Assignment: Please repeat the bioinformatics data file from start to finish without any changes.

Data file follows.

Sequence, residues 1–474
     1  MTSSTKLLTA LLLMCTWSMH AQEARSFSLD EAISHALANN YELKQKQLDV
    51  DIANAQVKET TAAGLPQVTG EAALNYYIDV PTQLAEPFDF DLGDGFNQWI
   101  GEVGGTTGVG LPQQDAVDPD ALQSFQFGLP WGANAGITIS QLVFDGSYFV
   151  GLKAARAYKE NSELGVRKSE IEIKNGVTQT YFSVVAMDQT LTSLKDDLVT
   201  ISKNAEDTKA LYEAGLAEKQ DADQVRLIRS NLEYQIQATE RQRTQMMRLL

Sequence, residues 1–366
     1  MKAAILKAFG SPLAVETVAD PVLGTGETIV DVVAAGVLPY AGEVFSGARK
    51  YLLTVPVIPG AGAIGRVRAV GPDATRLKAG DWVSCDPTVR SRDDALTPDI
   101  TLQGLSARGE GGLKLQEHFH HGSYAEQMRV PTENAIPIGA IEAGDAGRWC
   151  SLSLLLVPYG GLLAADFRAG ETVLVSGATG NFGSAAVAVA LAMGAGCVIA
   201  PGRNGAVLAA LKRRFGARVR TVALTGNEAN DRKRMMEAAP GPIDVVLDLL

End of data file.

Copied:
Sequence, residues 1–474
     1  MTSSTKLLTA LLLMCTWSMH AQEARSFSLD EAISHALANN YELKQKQLDV
    51  DIANAQVKET TAAGLPQVTG EAALNYYIDV PTQLAEPFDF DLGDGFNQWI
   101  GEVGGTTGVG LPQQDAVDPD ALQSFQFGLP WGANAGITIS QLVFDGSYFV
   151  GLKAARAYKE NSELGVRKSE IEIKNGVTQT YFSVVAMDQT LTSLKDDLVT
   201  ISKNAEDTKA LYEAGLAEKQ DADQVRLIRS NLEYQIQATE RQRTQMMRLL

Sequence, residues 1–366
     1  MKAAILKAFG SPLAVETVAD PVLGTGETIV DVVAAGVLPY AGEVFSGARK
    51  YLLTVPVIPG AGAIGRVRAV GPDATRLKAG DWVSCDPTVR SRDDALTPDI
   101  TLQGLSARGE GGLKLQEHFH HGSYAEQMRV PTENAIPIGA IEAGDAGRWC
   151  SLSLLLVPYG GLLAADFRAG ETVLVSGATG NFGSAAVAVA LAMGAGCVIA
   201  PGRNGAVLAA LKRRFGARVR TVALTGNEAN DRKRMMEAAP GPIDVVLDLL